Clare and Paul made Maggie their permanent home 12 months ago after alternating seasons between Sydney and the island for five years. They introduced The Beach Club – gourmet picnics on secluded beaches – in July 2020, in the midst of COVID-19 lockdowns, which quickly became the most popular experience on the books. “It’s been crazy busy from the moment we opened,” she tells me as we try to find an available spot in the schedule.
Angry clouds slump on the horizon the morning of our picnic, but we’re keen to head out all the same. I’m not sure even a cyclone would deter our unflappable skipper, Clayton Scott, who pulls a zippy yellow tender onto the sand at Horseshoe Bay for us to climb aboard. It’s the same spot he landed 15 years ago after sailing solo around Australia for five years, promptly met his wife in a backpacker bar, and decided to stay.
“I’d built up a successful fruit and veg business in Cairns and, by the time I was 31, I had the house, the car, the boat, everything and I thought, ‘What if I sold it all and went sailing?’ So I did,” he says.
You haven’t truly seen Maggie until you see her from the water. At sea level, her dramatic boulders, towering hoop pines and ironbarks look otherworldly: a dry tropics forest tumbling into coral-fringed waters. Being the tail-end of the wet season, it’s a vivid green painting.
Monolithic boulders, like giant elephants, congregate at the water’s edge. Another rises majestically out of the sea to our right as we round the northern edge of the island. We’ve been granted private access to untamed bays of dizzying beauty; unless you have your own boat, there’s only a handful of permits provided for operators to bring people here, and only on certain days.
We spy the much-Instagrammed Lovers Bay, a sliver of sand wedged between two rocky headlands. Then Clayton runs us through the Five Beach Bay group, starting with Maud Bay where the same family has lived for three generations in an old whaling station, and onto Norris, Joyce and Wilson, where you can climb to a waterfall tall enough to stand under.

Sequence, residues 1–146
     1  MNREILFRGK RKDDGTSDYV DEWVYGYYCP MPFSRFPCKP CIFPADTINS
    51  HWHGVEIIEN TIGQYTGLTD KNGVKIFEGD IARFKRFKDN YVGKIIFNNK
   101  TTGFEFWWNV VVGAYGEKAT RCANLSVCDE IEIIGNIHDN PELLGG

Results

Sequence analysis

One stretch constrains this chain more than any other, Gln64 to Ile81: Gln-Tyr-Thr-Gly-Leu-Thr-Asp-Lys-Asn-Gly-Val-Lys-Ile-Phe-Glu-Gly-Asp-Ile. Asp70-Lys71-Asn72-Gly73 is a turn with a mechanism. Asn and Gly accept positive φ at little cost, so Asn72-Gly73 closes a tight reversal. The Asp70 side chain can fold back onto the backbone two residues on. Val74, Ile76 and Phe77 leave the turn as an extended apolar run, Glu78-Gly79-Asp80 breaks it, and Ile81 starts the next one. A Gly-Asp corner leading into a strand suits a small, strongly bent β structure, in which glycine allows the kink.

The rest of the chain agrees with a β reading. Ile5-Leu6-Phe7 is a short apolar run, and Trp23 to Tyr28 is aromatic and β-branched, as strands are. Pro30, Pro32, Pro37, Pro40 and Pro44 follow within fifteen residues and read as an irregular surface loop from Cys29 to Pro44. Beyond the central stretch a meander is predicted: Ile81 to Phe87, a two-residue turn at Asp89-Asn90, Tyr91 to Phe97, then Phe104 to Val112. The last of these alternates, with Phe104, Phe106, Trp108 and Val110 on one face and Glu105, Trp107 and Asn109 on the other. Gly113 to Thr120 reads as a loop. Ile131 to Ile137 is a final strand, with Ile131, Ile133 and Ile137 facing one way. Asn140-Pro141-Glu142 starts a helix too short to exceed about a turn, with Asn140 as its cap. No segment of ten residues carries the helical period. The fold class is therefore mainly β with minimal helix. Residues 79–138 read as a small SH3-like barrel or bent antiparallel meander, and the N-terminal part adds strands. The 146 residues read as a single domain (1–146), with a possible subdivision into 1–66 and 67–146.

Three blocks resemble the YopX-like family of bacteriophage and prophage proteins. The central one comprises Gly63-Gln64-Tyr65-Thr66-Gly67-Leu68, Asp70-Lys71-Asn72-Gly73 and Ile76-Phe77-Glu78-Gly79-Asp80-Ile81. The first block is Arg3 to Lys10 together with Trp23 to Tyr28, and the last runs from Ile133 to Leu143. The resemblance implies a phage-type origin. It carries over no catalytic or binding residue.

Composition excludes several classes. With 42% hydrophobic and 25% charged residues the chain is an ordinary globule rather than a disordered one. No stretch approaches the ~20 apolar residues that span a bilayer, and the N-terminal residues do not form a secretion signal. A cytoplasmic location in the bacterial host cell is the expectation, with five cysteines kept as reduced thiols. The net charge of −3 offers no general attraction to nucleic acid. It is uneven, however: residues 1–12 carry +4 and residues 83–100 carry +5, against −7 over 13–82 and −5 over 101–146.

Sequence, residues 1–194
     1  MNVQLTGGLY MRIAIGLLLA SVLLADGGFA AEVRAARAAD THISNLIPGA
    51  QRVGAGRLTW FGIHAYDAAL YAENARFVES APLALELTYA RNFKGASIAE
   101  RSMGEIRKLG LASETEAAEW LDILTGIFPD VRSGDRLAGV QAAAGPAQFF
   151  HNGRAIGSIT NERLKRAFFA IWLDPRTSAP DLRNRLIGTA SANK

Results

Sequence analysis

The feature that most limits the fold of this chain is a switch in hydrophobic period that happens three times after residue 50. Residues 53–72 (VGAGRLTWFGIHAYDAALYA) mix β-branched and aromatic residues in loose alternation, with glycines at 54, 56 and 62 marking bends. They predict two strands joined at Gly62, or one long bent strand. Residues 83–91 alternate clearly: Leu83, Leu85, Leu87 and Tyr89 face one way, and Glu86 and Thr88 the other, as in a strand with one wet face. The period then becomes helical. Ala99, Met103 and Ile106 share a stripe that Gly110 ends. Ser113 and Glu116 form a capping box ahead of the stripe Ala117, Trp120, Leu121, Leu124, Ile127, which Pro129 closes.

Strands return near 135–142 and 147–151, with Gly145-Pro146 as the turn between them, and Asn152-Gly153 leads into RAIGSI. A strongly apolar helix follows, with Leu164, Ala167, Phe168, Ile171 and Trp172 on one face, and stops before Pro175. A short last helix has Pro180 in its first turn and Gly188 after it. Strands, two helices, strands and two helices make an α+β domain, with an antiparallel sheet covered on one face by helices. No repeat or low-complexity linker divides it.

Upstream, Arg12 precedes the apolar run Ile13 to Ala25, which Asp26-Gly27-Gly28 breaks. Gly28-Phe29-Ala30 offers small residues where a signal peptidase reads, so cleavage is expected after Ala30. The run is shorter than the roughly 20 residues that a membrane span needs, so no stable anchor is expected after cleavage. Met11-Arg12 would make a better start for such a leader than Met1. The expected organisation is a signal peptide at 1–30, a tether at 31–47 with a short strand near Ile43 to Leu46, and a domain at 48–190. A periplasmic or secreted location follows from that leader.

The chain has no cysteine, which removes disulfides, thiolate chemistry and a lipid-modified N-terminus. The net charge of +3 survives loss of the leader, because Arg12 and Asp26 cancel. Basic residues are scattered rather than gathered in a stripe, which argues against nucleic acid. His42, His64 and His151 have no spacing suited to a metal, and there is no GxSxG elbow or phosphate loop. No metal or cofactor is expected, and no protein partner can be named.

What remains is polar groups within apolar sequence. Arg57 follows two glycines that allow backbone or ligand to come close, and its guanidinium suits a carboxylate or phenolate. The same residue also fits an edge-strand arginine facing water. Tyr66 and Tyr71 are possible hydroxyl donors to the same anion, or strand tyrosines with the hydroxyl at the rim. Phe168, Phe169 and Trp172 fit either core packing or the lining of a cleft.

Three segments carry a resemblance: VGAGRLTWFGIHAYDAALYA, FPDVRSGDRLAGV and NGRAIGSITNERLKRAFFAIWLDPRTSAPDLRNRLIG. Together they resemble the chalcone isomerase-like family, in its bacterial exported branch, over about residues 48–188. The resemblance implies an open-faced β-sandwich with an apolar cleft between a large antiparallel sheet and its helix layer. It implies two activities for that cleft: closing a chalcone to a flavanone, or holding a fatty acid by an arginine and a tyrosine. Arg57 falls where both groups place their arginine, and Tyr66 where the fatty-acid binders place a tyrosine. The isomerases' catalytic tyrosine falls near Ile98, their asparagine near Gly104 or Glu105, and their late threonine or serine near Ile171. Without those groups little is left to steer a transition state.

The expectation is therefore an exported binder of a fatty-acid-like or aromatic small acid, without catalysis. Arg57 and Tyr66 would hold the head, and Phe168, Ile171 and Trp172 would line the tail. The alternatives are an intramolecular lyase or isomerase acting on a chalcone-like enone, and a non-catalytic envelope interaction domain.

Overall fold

The clouds temporarily part for the finale as we land on Huntingfield Bay; a dream of wide golden sands where a freshwater pool at the foot of a boulder-lined valley makes the perfect spot for Beach Club Picnic guests to plop themselves into and peel fresh North Queensland prawns. We clamber up the rocks a little to reach the source. “It only runs for about three weeks after rain, so you’re lucky,” Clayton says before wading through the pool to sit beneath the waterfall, fully clothed. You could take me to the fanciest waterfront restaurant in the world for lunch and it wouldn’t stand up to this.
Within three short days, I realise Maggie and I have moved to a new phase of our relationship; I’ve seen sides of her I never knew existed. And yet I know I’ve only just scratched the surface of what she has to show me.
Magnetic Island is a 20-minute ferry ride with SeaLink from Townsville in North Queensland. Qantas and Virgin fly to Townsville from Brisbane direct with connections from other major capitals. Jetstar flies from Brisbane, Sydney and Melbourne to Townsville direct.
Maggie A-frame is a barefoot island hideaway, sleeping up to five people, framed by palms and mango trees a short walk from Horseshoe Bay.
Best of Magnetic manages a portfolio of architecturally designed homes such as Headland House, built among the boulders above Picnic Bay with private beach access, and the cute and compact (and also pet-friendly) Little Bush Hut in Nelly Bay. bestofmagnetic.com
The Beach Club Magnetic Island picnic with boat transfer starts from $349 per couple with an additional charge to access more remote northern beaches, such as Five Beach Bay, and options to upgrade from gourmet antipasto to fresh local seafood.